Then on Sunday, several senior Republicans pioneered a new defense of the ex-President, questioning whether the material at Mar-a-Lago was actually highly sensitive, citing a President’s powers to declassify top secret information.
Turner’s gambit continued to raise the question of whether the Justice Department overreached in the extraordinary move of obtaining a search warrant to enter a former President’s property. But it was also just the latest GOP attempt to defend Trump, still a massively powerful force in the party, that ignored key issues that include why a former President needed to hold on to highly sensitive documents.
The new GOP approach followed increasingly desperate and baseless claims from Trump, conservative lawmakers and media pundits that the FBI was nothing but a weaponized political enforcement arm for President Joe Biden, that the bureau may have planted documents during the search to discredit Trump or all they had to do was ask to get material back. Each of those attacks appeared aimed at distracting Americans from yet more evidence of Trump’s aberrant behavior.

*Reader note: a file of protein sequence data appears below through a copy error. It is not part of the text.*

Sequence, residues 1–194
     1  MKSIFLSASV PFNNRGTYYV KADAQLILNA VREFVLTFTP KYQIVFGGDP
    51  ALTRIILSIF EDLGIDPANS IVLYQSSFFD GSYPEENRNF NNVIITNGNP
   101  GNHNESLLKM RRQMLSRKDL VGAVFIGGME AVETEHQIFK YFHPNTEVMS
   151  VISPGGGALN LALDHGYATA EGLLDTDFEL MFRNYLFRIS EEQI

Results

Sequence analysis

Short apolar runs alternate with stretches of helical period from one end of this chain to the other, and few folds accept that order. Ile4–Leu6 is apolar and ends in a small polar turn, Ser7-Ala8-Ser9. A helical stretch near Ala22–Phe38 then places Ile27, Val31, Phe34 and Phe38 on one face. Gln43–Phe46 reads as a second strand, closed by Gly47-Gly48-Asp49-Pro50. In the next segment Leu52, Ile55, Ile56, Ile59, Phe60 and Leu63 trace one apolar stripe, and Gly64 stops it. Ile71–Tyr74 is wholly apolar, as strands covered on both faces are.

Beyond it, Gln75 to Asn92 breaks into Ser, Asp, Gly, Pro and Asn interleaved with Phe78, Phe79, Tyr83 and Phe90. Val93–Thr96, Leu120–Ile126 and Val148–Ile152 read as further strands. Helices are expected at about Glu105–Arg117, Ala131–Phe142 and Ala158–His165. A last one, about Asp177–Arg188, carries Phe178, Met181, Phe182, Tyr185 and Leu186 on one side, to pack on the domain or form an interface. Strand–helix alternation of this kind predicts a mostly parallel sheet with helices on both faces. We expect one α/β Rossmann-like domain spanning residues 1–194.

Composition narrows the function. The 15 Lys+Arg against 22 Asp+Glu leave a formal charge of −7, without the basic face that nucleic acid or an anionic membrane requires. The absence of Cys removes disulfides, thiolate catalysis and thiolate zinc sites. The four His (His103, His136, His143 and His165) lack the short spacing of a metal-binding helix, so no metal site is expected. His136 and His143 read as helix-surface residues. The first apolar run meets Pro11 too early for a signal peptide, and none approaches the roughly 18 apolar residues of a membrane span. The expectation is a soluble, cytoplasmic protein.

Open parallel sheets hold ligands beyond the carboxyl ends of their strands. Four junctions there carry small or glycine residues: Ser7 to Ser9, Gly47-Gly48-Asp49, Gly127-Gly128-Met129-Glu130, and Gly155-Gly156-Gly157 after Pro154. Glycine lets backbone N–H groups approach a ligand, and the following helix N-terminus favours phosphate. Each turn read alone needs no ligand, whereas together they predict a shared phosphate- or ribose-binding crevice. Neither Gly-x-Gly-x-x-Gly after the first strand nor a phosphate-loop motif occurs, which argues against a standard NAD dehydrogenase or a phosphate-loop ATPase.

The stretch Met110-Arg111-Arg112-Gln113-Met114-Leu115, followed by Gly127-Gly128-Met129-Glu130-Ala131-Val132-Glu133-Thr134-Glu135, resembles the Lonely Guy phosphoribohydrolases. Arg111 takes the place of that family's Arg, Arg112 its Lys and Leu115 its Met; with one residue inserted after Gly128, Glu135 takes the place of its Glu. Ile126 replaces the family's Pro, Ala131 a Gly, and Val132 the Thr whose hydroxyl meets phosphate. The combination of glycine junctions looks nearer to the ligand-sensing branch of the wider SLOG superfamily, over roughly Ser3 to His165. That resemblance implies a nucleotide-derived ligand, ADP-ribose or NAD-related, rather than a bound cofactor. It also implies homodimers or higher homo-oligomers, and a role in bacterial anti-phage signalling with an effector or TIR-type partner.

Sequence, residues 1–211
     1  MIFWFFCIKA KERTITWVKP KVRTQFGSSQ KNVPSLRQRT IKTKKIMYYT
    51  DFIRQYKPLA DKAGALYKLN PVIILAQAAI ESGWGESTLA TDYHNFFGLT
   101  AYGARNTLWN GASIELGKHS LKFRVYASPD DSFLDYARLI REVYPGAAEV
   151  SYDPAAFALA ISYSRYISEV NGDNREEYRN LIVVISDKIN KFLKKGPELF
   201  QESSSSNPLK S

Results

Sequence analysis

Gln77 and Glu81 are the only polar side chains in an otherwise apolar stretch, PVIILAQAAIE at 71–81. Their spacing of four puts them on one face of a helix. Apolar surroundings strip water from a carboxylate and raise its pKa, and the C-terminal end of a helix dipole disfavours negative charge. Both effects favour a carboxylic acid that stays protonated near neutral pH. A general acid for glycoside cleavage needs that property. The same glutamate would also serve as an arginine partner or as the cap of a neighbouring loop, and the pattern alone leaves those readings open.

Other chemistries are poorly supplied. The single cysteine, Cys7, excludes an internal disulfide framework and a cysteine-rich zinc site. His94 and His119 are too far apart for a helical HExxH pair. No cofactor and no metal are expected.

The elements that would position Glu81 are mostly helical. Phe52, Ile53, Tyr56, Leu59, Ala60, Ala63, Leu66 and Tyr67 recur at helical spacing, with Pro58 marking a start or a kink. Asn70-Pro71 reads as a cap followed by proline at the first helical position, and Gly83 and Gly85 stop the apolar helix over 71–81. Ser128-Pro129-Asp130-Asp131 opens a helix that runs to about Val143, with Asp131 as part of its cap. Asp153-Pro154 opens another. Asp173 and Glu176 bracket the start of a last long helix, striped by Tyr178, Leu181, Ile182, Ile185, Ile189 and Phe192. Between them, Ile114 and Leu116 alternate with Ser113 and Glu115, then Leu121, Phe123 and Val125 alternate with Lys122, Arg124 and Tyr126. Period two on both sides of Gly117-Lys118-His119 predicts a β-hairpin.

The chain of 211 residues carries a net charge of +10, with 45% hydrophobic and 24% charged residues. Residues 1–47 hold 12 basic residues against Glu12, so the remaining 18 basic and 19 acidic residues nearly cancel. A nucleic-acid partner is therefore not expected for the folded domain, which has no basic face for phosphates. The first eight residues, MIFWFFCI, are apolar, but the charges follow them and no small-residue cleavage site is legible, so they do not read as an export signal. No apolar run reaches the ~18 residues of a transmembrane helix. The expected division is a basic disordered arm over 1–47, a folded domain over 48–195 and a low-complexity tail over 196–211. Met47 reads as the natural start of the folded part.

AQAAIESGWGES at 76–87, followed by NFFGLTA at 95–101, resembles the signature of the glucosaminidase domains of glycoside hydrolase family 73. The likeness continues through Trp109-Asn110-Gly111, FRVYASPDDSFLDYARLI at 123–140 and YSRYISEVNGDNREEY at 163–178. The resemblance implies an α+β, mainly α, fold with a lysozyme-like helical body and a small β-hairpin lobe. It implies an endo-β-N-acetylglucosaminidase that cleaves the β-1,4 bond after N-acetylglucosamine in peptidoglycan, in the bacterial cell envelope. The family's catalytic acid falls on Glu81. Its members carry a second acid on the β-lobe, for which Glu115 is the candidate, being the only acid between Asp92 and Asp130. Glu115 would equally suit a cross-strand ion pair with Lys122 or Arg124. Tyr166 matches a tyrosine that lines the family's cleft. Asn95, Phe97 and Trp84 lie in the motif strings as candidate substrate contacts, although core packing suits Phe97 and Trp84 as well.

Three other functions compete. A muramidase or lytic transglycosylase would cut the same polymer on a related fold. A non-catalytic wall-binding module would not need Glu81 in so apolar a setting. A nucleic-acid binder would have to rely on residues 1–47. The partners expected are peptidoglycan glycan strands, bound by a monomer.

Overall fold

The Republican counter-attack also fails to take into account the fact a federal judge had to agree there was a probable cause a crime had been committed before he authorized the warrant to search Trump’s home.
Previously sealed court documents released Friday indicated prosecutors were probing possible violations of the Espionage Act, obstruction of justice and criminal handling of government records.
‘I don’t understand what the purpose was’
In his appearance on CNN, Turner sought to straddle his responsibility to show gravitas as one of the members of Congress charged with critical responsibilities in overseeing the intelligence community with political imperatives in the GOP to defend Trump.
He did not repeat the wild claims about politicization of the FBI that were fired from the hip by Republicans who had little knowledge of the material at Trump’s residence. But Turner also sought to increase pressure on Attorney General Merrick Garland, who last week vowed the Justice Department wouldn’t be deterred in ensuring the rule of law applied to everyone, even ex-presidents.
“Attorney General Garland needs to provide these materials … Let us see them,” Turner told CNN’s Brianna Keilar of the evidence the Department of Justice used to justify a search on Trump’s home. “And then we can tell you what our answer is and what our discernment is of whether or not this is a true national security threat or whether or not this is an abuse of discretion by Attorney General Garland.”
Turner questioned whether documents taken from Mar-a-Lago were really still classified, despite their descriptions on a receipt left with Trump by the FBI that suggested that they were.